Despite the well-deserved optimism shared by e-marketing professionals across the country, there are a few “dirty little secrets” in the industry I thought I’d lob into the public sphere. It’s only after these issues are brought to the surface that we can begin to overcome our inertia and get closer to resolution.
Naturally, some of these are more egregious than others. But collectively, they signal a need for our industry to continue to work toward one of our most precious goals: parity (or better) with other communication channels, as viewed by communication architects, media planners, and enlightened clients.
Dirty Secret 1: We’re Not Speaking the Same Language
Although there are many subtexts that could be discussed here, two are the most evident: different buying nomenclature and the lack of standard universe estimates.
These drive me crazy.
The fact the rest of the media world deals in demographic currency, and interactive media (arguably the most targeted media, ever) deal in total audience currency, baffles me. I’ve written about this before, but there’s no sign the industry is moving toward a uniform resolution. While our brethren in traditional media plan and buy based on demographics (W25-54, A18-49, P18-24, etc.), we continue to rely on an overall (Persons 2+) audience delivery and factor in composition data derived from syndicated research.
Example: A buy on ESPN.com is sold at an $8 CPM (define). Planners then use Nielsen or comScore data to determine the composition of their target audience in the ESPN areas purchased and apply the factor accordingly. Therefore, a 50 percent composition of Persons 18-24 translates into a $16 Persons 18-24 CPM.
What happens when the buy is exclusively in the ESPN boxing section and that’s not measured by syndicated data? Good question.
Another issue that highlights the chasm between digital and traditional media is the lack of industry standard universe estimates. Simply put, how big is the universe of online users? When delivering reach, frequency, and rating point estimates to clients we must estimate the penetration of Internet users compared to the U.S. population as a whole. I don’t know about you, but last time I looked, there were no fewer than half a dozen different (some by a factor of 50 percent) audience estimates from the leading research companies. Surely we can all agree on one number and institutionalize it, as they do in broadcast — right?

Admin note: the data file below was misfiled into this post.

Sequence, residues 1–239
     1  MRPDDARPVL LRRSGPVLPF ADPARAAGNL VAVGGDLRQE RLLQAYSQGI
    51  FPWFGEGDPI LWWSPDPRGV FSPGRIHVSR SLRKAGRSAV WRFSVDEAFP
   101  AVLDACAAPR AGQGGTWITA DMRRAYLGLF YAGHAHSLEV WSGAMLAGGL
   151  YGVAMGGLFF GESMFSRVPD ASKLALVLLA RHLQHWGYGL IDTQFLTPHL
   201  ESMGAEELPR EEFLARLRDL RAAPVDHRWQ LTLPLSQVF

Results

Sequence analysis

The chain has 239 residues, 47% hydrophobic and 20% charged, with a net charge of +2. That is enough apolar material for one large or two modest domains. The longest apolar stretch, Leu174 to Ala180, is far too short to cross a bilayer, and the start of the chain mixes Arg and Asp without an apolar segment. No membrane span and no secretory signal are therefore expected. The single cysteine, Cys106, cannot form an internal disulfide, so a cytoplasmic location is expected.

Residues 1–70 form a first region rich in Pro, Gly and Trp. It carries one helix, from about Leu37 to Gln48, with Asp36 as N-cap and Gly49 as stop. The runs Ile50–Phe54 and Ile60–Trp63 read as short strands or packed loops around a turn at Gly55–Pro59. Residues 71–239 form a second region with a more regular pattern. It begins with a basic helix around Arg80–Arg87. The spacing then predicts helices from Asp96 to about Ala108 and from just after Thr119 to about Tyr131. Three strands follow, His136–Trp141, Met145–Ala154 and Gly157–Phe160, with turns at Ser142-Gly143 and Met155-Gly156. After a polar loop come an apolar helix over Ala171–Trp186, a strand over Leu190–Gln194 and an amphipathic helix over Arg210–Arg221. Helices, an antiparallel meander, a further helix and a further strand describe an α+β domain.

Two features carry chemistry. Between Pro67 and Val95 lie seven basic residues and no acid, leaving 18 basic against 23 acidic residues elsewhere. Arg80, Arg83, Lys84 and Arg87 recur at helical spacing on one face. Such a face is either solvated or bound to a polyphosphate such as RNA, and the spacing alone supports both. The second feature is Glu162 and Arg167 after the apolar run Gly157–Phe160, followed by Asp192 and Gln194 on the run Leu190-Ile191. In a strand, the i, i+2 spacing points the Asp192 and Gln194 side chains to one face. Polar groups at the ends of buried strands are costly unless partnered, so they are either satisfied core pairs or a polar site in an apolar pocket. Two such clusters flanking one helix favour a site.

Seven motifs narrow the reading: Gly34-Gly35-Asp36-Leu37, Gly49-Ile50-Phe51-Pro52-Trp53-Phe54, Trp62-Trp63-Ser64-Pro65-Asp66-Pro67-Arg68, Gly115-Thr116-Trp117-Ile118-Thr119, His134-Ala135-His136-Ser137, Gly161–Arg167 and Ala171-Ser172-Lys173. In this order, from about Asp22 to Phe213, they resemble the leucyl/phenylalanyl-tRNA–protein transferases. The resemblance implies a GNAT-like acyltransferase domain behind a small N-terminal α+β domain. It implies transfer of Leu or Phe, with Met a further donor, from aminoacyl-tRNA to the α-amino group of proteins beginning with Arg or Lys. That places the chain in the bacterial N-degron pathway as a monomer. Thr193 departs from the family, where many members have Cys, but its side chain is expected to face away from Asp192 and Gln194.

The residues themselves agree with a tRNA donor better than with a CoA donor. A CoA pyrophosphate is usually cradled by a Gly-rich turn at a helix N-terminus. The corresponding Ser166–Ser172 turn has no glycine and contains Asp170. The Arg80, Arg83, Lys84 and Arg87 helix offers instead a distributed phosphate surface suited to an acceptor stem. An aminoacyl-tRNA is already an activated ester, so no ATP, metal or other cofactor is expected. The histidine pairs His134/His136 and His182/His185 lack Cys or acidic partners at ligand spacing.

Dirty Secret 2: The Industry as We Know It Isn’t Scaleable
I know Rome wasn’t built in a day, but look no further than your last integrated campaign to make a stark realization: The degree of customization and time-intensive stewardship compared to relative expenditure is unrivaled in communications. It takes too long and requires too many resources to execute online integrated and customized solutions.
I recently chatted with the publisher of a leading online Web property. Naturally, we mentioned how good business was (for both of us) and what 2005 is shaping up to be. Though we concluded the industry is really beginning to hit its stride, we also acknowledged that, by and large, we still represent less than 10 percent of marketers’ overall budgets. If we did start getting our fair share, we agreed, it would crush our industry.
In addition to the time resources needed to execute an online buy, the relative cost of production compared to the media spend is a significant issue. We run into this problem all the time when we talk with clients about budgeting for digital plans. Although they typically balk when we advise them to set aside 20-25 percent of the media budget for creative and production, truth is these are realistic estimates.
This high cost of production is really the result of two basic issues: continuing inefficiency with the number of different technologies and ad unit sizes per campaign, and continually changing publisher ad specifications. There’s been a lot of emphasis on this area by the Interactive Advertising Bureau (IAB) and other industry organizations, yet we still haven’t gotten to a place where we can find a happy balance between innovation, impact, and standardization. We’ll get there, someday.
Got any dirty little secrets you’d like to share?
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